Edited by Phil Davis
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Coingrats on the absolute showstopper🤩

1 hour ago, Phil Davis said:

I knew I had to have it.  Eating is overrated.

ae23b889-df19-44d4-8e1d-748f65492fd6_text.gif.0b1a8db8ff6db31f4d6c5615ccece0b8.gif

I've nothing of that quality, but will share a favorite RR. Nothing like the relief, centering nor artistry of yours, but Roma is looking happy and it's shield shines like a diamond:

IMG_3914(1)(1).JPG.9eb6dfef06aeb2981313190dc8b379db.JPG

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1 hour ago, Curtisimo said:

 Now show us your top 10! 😉

I probably won't do that @Curtisimo, but fwiw I have a different show and tell I've been considering. Next time I visit the  safe deposit box (which now needs to be very very soon, lol!) I want to do a group shot of my nearly complete run of Brutus silver. Without false modesty, it's one of the strongest parts of my collection (despite no Eid Mar) and I'd enjoy sharing it.

 

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13 minutes ago, Phil Davis said:

I probably won't do that @Curtisimo, but fwiw I have a different show and tell I've been considering. Next time I visit the  safe deposit box (which now needs to be very very soon, lol!) I want to do a group shot of my nearly complete run of Brutus silver. Without false modesty, it's one of the strongest parts of my collection (despite no Eid Mar) and I'd enjoy sharing it.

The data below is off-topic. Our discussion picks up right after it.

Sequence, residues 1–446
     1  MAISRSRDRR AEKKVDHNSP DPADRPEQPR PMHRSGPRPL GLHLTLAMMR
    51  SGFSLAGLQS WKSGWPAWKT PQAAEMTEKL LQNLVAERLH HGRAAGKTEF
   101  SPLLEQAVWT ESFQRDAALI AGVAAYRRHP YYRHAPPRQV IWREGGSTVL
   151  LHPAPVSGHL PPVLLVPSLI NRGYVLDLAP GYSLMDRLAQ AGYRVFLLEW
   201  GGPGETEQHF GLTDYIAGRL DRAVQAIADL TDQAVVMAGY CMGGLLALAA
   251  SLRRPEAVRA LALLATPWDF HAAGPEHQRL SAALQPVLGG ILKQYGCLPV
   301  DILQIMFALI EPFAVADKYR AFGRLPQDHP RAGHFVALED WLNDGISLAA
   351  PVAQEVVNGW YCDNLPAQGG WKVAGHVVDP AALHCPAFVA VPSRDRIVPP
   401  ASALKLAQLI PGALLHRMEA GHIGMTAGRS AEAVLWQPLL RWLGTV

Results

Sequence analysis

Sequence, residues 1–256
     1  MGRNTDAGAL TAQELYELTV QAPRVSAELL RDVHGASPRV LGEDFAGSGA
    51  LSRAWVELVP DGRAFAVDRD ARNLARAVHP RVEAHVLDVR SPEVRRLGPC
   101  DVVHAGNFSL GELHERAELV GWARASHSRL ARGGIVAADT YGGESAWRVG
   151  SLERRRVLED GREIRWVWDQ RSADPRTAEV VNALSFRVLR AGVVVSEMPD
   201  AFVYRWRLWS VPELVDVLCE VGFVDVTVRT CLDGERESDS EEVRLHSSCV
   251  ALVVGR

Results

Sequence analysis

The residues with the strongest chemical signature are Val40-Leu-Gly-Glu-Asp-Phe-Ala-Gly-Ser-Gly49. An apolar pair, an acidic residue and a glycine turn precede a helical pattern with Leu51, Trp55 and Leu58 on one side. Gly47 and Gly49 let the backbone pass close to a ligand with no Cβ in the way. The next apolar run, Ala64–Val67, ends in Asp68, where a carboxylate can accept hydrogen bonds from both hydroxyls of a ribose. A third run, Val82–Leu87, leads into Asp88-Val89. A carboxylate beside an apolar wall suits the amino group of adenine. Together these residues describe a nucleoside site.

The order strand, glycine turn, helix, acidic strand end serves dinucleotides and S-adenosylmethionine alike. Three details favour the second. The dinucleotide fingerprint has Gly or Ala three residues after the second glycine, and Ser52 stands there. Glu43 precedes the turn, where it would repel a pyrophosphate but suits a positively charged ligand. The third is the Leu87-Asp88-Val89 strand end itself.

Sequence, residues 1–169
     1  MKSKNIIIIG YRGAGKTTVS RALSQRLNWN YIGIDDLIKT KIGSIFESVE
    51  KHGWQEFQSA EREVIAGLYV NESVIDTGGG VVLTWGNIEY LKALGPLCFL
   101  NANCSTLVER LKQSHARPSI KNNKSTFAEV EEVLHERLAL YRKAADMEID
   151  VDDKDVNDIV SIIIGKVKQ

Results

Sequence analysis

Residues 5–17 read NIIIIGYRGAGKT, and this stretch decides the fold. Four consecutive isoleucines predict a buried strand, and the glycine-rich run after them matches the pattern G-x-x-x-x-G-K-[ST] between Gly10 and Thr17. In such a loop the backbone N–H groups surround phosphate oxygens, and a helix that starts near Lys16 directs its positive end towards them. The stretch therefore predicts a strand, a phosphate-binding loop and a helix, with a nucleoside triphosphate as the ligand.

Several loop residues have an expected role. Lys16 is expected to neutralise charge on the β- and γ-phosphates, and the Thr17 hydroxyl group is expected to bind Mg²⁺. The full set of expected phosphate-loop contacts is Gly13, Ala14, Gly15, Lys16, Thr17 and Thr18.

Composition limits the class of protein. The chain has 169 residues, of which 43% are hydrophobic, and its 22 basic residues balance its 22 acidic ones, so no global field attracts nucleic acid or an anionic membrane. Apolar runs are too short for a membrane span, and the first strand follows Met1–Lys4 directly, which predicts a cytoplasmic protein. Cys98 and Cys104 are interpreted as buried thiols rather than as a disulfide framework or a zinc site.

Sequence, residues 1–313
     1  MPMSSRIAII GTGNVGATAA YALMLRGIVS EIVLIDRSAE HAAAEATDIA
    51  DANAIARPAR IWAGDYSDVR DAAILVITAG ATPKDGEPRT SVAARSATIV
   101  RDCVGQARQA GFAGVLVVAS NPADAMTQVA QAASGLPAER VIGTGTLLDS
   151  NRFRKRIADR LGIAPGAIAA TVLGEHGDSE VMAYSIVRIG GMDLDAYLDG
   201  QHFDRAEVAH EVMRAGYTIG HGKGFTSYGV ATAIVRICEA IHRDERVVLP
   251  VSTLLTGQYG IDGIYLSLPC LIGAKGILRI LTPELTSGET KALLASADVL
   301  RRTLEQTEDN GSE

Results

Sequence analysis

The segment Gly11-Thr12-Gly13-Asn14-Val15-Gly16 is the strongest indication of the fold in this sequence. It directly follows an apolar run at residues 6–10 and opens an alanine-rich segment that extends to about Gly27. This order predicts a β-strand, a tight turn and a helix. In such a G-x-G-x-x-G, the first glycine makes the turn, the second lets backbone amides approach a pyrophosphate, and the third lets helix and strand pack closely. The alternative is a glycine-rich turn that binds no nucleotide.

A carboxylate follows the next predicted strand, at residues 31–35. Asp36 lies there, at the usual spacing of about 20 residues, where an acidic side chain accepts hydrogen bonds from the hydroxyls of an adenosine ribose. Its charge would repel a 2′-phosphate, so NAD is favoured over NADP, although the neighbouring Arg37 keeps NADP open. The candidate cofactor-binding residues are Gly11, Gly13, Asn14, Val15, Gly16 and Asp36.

I am genuinely looking forward to seeing it! Your collection is truly inspirational. 🙂

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On 11/22/2022 at 2:57 PM, Phil Davis said:

I've never really been willing or even able to name a "favorite coin" in my collection. I have quite a few I'm rather partial to. I certainly didn't expect that to change at this relatively late date in my collecting life. Never say never...

One of the rarest, most sought after denarii in the entire Republican series is the only silver coin struck by the moneyer C. Numitorius, Crawford 246/1, in 133 BC on Crawford's dating,  (The same moneyer also issued several much more common bronze denominations, semis down to sextans.) It's long been recognized as an important rarity, R9 in Sydenham, and truly is one of the types by which a Republican collection is judged. Of course I've always badly wanted one, but the few to appear in the market all had noticeable problems (despite being rather pricey) and I was never seriously tempted. Until now... It's the holiday season and I bought myself a slightly early Chanukah present.